Luther Burbank Savings took ownership of this house via a deed-in-lieu-of-foreclosure – without ever filing a notice of default. The previous owner (who paid $568,000 in 2003) never tried to sell either, but had two loans, the LBS first mortgage of $594,500 plus a second loan for $121,000:
Here is Bank of America’s policy on deed-in-lieu-of-foreclosure:
You may be eligible for a deed in lieu of foreclosure if one or more of the following apply:
You are going through a hardship (for example, a job loss, divorce or a medical emergency).
You are unable to afford your current mortgage payment.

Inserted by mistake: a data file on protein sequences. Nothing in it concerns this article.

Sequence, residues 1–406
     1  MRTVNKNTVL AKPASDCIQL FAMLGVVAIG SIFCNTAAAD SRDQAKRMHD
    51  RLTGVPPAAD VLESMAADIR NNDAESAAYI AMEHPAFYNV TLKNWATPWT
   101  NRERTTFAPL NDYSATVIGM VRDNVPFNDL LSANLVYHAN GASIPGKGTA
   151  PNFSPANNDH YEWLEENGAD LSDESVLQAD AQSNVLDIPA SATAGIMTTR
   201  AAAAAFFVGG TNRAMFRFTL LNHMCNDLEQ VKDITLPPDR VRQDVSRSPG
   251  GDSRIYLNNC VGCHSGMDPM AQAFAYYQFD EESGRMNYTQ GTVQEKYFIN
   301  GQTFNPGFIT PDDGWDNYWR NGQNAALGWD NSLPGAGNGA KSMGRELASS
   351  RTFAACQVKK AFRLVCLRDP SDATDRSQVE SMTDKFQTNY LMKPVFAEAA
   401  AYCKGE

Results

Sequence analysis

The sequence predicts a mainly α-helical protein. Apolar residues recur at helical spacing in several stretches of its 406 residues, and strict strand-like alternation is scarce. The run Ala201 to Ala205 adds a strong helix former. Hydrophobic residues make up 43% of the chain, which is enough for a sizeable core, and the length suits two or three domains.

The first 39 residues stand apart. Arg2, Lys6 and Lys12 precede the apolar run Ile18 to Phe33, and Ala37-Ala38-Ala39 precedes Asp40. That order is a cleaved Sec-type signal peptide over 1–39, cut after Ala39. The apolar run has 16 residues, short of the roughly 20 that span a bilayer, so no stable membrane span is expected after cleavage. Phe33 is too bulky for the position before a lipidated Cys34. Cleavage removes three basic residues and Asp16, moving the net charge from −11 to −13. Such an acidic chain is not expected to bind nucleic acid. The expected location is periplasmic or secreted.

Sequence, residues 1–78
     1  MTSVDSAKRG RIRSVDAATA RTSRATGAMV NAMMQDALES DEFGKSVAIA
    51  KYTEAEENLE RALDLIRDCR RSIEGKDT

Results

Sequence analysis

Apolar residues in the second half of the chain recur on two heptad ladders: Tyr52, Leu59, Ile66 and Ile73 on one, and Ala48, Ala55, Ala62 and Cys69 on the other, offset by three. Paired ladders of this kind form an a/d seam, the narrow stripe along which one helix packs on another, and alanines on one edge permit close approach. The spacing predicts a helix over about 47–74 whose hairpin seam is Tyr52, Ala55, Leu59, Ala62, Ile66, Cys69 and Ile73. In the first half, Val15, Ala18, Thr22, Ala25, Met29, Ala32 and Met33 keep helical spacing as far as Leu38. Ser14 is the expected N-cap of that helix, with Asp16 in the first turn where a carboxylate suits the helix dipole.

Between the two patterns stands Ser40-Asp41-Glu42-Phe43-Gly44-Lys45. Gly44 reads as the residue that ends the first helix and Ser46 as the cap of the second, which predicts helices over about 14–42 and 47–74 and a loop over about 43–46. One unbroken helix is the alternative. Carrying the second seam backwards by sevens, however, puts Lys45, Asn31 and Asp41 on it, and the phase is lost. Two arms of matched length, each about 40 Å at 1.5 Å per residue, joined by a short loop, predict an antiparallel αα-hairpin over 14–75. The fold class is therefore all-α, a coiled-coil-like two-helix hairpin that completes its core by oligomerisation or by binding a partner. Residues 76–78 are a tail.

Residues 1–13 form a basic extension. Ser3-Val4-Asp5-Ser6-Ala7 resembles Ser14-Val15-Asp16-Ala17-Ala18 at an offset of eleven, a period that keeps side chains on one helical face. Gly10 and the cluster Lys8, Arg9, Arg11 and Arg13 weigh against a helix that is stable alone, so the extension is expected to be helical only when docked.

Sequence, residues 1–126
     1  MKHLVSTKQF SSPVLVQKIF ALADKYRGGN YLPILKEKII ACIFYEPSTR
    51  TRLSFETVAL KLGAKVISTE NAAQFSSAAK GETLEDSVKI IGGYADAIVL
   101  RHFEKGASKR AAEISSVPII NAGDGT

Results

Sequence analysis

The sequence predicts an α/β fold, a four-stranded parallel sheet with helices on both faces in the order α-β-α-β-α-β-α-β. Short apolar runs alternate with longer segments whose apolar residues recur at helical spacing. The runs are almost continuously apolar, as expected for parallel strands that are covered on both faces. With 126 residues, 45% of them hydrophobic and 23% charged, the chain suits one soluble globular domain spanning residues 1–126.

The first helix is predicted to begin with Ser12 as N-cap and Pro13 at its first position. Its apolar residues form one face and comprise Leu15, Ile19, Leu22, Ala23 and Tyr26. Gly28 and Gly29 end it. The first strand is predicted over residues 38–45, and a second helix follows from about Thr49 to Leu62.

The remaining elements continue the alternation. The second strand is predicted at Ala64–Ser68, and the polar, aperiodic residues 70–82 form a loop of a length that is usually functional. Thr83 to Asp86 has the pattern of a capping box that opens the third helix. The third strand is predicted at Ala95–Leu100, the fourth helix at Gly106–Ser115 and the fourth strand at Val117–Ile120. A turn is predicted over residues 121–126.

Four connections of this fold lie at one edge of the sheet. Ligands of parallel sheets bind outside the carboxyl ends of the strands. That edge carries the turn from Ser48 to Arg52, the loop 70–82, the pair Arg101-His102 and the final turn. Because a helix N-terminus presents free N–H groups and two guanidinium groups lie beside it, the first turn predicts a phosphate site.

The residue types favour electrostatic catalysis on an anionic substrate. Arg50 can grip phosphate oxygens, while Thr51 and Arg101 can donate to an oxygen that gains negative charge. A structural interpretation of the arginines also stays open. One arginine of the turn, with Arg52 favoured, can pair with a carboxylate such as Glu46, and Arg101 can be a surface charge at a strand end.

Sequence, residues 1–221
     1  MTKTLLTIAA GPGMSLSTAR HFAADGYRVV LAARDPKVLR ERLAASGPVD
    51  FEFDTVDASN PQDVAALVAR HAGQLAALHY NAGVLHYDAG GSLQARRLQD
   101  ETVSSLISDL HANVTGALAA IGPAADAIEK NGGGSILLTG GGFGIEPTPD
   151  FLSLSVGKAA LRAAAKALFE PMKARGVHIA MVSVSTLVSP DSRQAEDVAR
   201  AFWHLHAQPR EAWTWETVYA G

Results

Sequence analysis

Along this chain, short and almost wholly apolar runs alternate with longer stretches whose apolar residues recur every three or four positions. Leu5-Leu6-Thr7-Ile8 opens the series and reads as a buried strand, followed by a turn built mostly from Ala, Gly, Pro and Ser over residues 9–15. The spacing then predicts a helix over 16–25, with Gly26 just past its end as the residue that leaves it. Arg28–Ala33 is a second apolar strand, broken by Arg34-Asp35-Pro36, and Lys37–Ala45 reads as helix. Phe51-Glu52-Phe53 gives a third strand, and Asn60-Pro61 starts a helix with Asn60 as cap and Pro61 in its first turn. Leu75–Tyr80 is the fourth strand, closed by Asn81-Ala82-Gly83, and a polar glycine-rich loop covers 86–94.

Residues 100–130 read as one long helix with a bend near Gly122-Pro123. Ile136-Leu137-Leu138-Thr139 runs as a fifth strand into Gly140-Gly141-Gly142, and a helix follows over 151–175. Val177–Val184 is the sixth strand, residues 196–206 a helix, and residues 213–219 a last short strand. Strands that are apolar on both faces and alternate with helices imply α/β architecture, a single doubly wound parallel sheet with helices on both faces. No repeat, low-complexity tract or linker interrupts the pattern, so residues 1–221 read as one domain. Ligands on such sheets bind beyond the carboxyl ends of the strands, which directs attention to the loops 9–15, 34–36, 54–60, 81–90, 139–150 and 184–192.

You are unable to modify your current mortgage to make it affordable
You tried to sell your property at fair market value with a licensed real estate agent for at least 90–120 days and were unsuccessful
Depending upon your loan type, when you complete a deed in lieu of foreclosure, up to $3,000 may be available for your relocation expenses. You may also be eligible for up to $8,500 to help settle obligations such as your home equity loan or line of credit. A deed in lieu effectively ends your home loan, and in some cases means you are not required to pay any remaining amount owed on your loan (also known as the deficiency).